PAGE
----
Originally written (started) on June 30, 2009
Good afternoon again fine readers. This setting finds me looking out the hotel window at a gray and white sky, tall grass and trees in a field, and jets whizzing by. Unfortunately we're situated too close to the Detroit Wayne County Metro Airport (DTW), incidentally at the same airport SWA stays at, on a long overnight. It's rare when we have a hotel in a downtown or urban area where it's lively with people and things to do nearby, but I've stayed at worse places.
We had an early show in Burlington, VT (BTV) and an early finish here. I was going to nap but drank too much coffee settling into my room, so I'm now processing my latest trip thus far in my mind, and filtering what's been in my heart and spirit lately.
It's day three of a six day stint, a very long trip. I managed to catch ZZZ's by 10 PM last night, a pretty good feat for me, and have another 5:15 AM showtime tomorrow. Even though I've been doing this airline gig for nine years now, I still have to exercise discipline to get appropriate rest, and am still trying to improve in that regard. A wise, gray haired Pilot would advise me that it's one of the marks of a true professional. And I would agree. Professionals evaluate how they operate, continuously try to improve, and evaluate their attitudes from time to time as well.
And just what kind of attitude should a professional airline pilot have? It's a point of consternation for me currently. Many in my company would have a vastly different answer than the one our management would. More about that later, let's let it stew a little.
On the first day, after two enjoyable round trips involving flights to two pretty, renowned, and expensive Massachusetts islands, Nantucket and Martha's Vineyard, my First Officer and I said goodbye to our Flight Attendant, as we were getting a new one for the next two days. We took our scheduled long snooze and meal break and walked to our new aircraft for the flight to our GSP (Greenville-Spartanburg, NC) overnight. I retrieved the paperwork and noticed the last name of our new FA, 'Pig', with an extra g. I kid you not.
Airline crews perform essentially the same tasks over and over, so we look for and enjoy things which are out of the ordinary. Showing my FO her name, it was then 'on', a stream of pig and hog jokes, that is, while waiting for her to arrive. Sorry, but in my flight deck, joking around and wordplay are fair game, but all in good taste and in keeping respectful of others. We never kidded or joked with her about her name in person, of course, but I'm sure she had heard this snort of thing before.
It turns out that she is another great gal to work with, and to have as a partner in our cabin. As a new flight attendant, she flew with 'Neil' and I through changing weather systems, turbulence, rain, clouds, circling approaches, and maintenance delays, and never squealed once. Seriously, she has a lively personality and treats the passengers very well. She has been with our company for a while, working the ticket counter and gate, and transferred to the flight attendant ranks recently. In spite of tragedy and trials in her personal life, and a unique and challenging last name, she has a good attitude. That can make all the difference.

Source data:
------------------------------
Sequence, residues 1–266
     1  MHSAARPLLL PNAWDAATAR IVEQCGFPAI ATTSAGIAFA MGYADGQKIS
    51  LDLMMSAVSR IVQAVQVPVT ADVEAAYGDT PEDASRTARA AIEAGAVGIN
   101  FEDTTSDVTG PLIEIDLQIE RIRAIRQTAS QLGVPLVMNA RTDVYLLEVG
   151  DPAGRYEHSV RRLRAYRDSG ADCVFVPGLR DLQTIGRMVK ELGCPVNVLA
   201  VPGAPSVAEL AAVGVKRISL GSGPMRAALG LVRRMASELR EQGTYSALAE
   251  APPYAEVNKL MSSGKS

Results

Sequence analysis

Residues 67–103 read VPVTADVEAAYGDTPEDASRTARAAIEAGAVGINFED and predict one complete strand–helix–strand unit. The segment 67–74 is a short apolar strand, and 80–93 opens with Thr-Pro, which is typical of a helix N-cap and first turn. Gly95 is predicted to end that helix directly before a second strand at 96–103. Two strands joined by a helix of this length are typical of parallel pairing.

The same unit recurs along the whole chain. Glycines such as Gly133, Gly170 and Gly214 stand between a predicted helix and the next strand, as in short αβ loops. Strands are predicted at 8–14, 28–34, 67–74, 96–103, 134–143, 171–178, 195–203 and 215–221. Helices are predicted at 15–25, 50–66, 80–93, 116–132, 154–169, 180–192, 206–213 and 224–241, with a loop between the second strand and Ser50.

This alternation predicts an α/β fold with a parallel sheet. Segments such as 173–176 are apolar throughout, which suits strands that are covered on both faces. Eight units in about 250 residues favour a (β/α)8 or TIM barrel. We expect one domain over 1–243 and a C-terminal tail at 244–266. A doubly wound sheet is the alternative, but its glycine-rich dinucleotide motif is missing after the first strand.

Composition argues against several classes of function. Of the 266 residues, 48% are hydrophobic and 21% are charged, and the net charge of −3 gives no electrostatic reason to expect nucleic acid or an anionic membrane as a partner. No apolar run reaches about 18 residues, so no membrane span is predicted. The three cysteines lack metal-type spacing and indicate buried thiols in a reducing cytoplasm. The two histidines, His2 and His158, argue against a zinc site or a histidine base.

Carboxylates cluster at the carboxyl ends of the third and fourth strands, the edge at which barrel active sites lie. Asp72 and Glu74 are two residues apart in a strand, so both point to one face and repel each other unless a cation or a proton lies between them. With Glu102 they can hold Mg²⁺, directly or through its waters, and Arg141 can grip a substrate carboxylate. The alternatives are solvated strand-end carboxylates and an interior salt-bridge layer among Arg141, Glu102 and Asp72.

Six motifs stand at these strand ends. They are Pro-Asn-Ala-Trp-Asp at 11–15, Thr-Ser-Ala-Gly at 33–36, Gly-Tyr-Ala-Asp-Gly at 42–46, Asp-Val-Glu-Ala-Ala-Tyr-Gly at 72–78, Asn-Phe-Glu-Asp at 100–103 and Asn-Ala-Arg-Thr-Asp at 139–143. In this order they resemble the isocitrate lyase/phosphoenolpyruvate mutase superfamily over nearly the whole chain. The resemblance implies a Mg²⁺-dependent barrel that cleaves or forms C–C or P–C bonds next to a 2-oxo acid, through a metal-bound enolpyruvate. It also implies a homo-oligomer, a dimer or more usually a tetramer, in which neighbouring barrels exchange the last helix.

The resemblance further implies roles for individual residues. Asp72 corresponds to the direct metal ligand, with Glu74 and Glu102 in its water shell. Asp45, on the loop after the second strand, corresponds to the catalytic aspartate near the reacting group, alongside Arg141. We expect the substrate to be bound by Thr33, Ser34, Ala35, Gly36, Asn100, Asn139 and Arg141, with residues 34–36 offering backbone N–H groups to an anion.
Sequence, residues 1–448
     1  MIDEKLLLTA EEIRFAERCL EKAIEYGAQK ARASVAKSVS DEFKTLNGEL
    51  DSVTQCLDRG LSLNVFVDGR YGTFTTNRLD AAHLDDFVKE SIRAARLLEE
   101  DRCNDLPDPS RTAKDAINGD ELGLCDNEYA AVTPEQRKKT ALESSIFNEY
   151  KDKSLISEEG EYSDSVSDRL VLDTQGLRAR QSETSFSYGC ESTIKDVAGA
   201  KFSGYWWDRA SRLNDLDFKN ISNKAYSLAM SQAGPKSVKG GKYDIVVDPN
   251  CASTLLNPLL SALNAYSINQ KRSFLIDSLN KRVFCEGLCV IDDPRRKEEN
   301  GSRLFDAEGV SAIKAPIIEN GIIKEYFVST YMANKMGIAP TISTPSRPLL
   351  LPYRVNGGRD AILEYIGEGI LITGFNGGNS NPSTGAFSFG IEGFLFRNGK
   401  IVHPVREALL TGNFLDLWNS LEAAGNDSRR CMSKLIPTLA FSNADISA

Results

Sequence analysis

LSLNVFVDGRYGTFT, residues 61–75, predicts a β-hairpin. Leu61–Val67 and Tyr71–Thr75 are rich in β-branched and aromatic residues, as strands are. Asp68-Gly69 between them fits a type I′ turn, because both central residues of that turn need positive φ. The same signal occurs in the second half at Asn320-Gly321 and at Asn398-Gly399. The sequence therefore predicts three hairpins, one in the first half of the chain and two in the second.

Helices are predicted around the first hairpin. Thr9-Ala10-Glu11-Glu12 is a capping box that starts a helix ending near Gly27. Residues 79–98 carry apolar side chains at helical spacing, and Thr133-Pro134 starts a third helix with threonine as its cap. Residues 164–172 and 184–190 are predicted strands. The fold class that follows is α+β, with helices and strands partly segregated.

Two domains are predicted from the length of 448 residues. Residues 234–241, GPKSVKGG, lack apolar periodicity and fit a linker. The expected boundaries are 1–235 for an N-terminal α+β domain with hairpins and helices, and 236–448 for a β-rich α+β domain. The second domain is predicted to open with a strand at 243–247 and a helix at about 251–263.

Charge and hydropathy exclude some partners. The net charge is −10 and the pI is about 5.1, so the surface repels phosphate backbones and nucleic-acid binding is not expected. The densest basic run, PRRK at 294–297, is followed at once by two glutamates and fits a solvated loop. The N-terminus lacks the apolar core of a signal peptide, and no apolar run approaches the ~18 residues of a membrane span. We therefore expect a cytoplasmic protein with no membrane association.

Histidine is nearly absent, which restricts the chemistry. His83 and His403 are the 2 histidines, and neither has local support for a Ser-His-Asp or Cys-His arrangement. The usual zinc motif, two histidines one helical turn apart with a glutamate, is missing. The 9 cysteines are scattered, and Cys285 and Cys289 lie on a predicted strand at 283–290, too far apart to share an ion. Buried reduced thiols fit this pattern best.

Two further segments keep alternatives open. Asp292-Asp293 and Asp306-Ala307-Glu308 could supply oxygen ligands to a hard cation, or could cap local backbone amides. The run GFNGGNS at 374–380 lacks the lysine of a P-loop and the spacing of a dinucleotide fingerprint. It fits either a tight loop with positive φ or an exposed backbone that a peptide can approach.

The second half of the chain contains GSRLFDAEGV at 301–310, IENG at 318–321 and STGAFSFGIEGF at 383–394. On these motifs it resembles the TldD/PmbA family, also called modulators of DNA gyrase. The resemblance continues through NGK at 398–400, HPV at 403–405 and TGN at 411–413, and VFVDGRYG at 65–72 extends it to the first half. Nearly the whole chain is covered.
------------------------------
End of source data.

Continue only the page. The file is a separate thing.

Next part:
Here's a great quote on attitude from Chuck Swindoll, a widely broadcast Christian Minister:
“The longer I live, the more I realize the impact of attitude on life. Attitude, to me, is more important than facts. It is more important than the past, the education, the money, than circumstances, than failure, than successes, than what other people think or say or do. It is more important than appearance, giftedness or skill. It will make or break a company... a church... a home. The remarkable thing is we have a choice everyday regarding the attitude we will embrace for that day. We cannot change our past... we cannot change the fact that people will act in a certain way. We cannot change the inevitable. The only thing we can do is play on the one string we have, and that is our attitude. I am convinced that life is 10% what happens to me and 90% of how I react to it. And so it is with you... we are in charge of our Attitudes.”
Incidentally, tonight I'm now back in the same spot I started this post in, looking out the hotel window in Detroit, with clouds and a few thunderstorms in the area. I guess I'd better finish this now while I'm enjoying this "deja' vu" moment.
A disclaimer: Firstly and most importantly, I sincerely appreciate the service and sacrifice many of our pilots have taken in working for our union, to improve safety, and to produce and maintain the work contract we do have. The working results of this shows in the safety, pay, work rules, benefits, and quality of life that we enjoy, which is better than most other regional airlines. Secondly, for legitimate mistreatment and pilot union contract violations, we have the capability to file grievances with the company in an effort to correct and compensate for violations, and our union has done this many times, and will continue to do so.
There are reasons I have security as a union pilot. After completing a probationary period, it is more difficult for the company to terminate my employment; it's kind of like being a tenured professor. Pilot unions also operate on the seniority system. This means I can expect to be compensated on the negotiated payscale according to year of service, aircraft, and position. Awarding position, aircraft, schedules, and base is in seniority order also. I know that other pilots with less seniority than I won't be paid more than I will or will be able to outbid me in schedules and basing.
But flying as a unionized airline pilot is like driving on a two way street. To make it work the best, you should be willing to drive in both directions. Yes, we have job protections, but I believe we have a responsibility to the company to not take advantage of those protections and behave as less than professional in the eyes of management. This means, among other things, not sacrificing customer service standards, and holding others accountable as we are best able to when they fail in meeting those standards. This is a tough part of the job, because in the regionals we don't get enough of the customer service support passengers deserve.